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Illegal immigration drops after decade long rise

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WASHINGTON (AP) ó New census data released Thursday affirm a clear and sustained drop in illegal immigration, ending more than a decade of increases.

The number of illegal immigrants in the U.S. dropped to an estimated 11.1 million last year from a peak of 12 million in 2007, part of an overall waning of Hispanic immigration. For the first time since 1910, Hispanic immigration last year was topped by immigrants from Asia.

Demographers say illegal Hispanic immigration ó 80 percent of all illegal immigration comes from Mexico and Latin America ó isnít likely to approach its mid-2000 peak again, due in part to a weakened U.S. economy and stronger enforcement but also a graying of the Mexican population.

The finding suggests an uphill battle for the Republicans, who passed legislation in the House last week that would extend citizenship to a limited pool of foreign students with advanced degrees but who are sharply divided on whether to pursue broader immigration measures.

In all, the biggest surge of immigration in modern U.S. history ultimately may be recorded as occurring in the mid-1990s to early 2000s, yielding illegal residents who now have been settled in the U.S. for 10 years or more. They include migrants who arrived here as teens and are increasingly at risk of ďaging outĒ of congressional proposals such as the DREAM Act that offer a pathway to citizenship for younger adults.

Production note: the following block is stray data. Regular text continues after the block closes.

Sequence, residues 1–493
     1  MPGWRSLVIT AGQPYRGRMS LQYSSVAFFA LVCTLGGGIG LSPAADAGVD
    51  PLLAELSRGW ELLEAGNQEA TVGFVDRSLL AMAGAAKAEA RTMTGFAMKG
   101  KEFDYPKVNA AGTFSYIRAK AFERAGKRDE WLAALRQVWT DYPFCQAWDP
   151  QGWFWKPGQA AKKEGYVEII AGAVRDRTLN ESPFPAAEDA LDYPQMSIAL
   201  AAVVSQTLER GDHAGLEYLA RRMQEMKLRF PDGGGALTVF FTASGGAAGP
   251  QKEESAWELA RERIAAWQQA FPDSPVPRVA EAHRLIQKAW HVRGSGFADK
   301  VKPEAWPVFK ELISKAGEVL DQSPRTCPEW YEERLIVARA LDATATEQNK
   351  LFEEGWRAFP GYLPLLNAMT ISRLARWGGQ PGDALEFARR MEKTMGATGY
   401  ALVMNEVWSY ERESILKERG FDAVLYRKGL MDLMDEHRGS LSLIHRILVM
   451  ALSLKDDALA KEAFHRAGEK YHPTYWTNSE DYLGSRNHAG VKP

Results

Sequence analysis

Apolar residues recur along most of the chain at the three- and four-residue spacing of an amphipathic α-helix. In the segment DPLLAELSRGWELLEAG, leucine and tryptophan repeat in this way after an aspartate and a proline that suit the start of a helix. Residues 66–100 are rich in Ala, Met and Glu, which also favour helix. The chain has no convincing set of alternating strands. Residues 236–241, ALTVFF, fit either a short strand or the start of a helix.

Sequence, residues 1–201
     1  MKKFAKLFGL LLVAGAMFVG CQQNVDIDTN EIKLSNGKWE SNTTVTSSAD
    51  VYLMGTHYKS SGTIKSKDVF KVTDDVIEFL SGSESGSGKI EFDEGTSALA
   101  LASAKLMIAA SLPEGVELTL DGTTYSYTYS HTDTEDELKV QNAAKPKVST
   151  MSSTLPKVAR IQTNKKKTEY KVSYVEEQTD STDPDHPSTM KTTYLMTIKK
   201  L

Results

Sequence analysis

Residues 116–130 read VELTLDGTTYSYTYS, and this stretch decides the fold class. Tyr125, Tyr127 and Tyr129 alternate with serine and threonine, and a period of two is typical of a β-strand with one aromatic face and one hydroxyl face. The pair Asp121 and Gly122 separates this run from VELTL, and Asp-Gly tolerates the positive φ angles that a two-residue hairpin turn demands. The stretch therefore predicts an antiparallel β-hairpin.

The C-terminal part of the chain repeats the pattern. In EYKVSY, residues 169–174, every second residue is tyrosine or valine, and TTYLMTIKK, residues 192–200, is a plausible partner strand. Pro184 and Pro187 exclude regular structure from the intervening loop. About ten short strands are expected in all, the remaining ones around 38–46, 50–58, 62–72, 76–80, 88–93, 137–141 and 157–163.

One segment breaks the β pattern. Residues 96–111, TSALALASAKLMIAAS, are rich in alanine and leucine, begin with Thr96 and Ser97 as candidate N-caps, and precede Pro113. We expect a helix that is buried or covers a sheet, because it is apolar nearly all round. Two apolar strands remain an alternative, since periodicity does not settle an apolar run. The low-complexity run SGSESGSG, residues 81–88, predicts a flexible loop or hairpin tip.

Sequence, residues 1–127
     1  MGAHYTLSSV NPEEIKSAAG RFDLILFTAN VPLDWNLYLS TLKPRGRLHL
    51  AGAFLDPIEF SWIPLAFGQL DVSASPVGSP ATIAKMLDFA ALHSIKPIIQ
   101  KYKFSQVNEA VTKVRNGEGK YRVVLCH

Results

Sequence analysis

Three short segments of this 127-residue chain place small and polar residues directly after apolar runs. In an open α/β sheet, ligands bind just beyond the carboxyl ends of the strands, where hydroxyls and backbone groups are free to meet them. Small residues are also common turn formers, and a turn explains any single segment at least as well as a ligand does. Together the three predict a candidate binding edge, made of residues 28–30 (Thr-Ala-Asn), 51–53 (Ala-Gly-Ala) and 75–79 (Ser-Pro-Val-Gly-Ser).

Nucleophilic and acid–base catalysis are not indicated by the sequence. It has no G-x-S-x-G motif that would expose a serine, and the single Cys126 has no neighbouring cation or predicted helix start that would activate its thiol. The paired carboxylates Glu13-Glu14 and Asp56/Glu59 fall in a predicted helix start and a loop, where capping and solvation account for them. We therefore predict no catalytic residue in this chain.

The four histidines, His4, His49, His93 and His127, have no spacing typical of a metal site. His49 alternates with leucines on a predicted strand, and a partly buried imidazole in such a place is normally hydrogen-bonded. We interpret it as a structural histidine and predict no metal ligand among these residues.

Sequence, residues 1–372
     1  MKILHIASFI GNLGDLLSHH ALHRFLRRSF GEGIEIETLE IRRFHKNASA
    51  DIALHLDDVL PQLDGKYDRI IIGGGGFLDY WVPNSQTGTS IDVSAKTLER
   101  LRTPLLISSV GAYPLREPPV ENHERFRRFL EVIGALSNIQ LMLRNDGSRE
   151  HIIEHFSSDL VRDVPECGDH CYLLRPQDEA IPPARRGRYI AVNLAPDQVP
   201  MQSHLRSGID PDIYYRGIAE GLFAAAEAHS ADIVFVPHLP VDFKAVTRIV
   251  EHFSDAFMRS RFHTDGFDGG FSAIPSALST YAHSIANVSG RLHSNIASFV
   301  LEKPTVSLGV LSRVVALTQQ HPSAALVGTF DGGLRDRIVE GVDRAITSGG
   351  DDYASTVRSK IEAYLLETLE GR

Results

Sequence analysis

The numbers are largely based on the Census Bureauís Current Population Survey through March 2011. Because the Census Bureau does not ask people about their immigration status, Passel derived estimates on illegal immigrants largely by subtracting the estimated legal immigrant population from the total foreign-born population. The numbers are also supplemented with material from William H. Frey of the Brookings Institution and Mark Mather of the Population Reference Bureau, who reviewed data released Thursday from the Censusí American Community Survey.

The data showed that 11.1 million, or 28 percent, of the foreign-born population in the U.S. consists of illegal immigrants, virtually unchanged since 2009 and roughly equal to the level of 2005. An additional 12.2 million foreign-born people, 31 percent, are legal permanent residents with green cards. And 15.1 million, or 37 percent, are naturalized U.S. citizens.

Fewer Mexican workers are entering the U.S., while many of those immigrants already here are opting to return to their homeland, resulting in zero net migration from Mexico.

In 2007, legal and illegal immigrants made up equally large shares of the foreign-born population, at 31 percent, due to ballooning numbers of new unauthorized migrants seeking U.S. construction and related jobs during the mid-2000s housing boom. Naturalized U.S. citizens then represented 35 percent.

Broken down by geography and race, roughly half of all states last year posted declines or no change in their numbers of foreign-born Hispanics, including big immigrant states such as California and New York as well as economically hard hit areas in Arizona, Georgia and North Carolina, which previously had seen gains.

Foreign-born Asians were a bigger source of population gain than Hispanic immigrants in California, New York, Virginia, Illinois and New Jersey. Newly moving into suburban communities, the Asian population spread out more across the southeastern U.S. and Texas, increasing their share in 93 percent of the nationís metropolitan areas.

As a whole, foreign-born residents are slowly graying, with 44 percent now age 45 or older. They are more likely than in 2007 to be enrolled in college or graduate school (39 percent, up from 32 percent) and to be single (17 percent married, down from 22 percent).

Births to immigrant mothers also are on the decline, driving the overall U.S. birth rate last year to the lowest in records dating back to 1920.

 

Posted 12/6/2012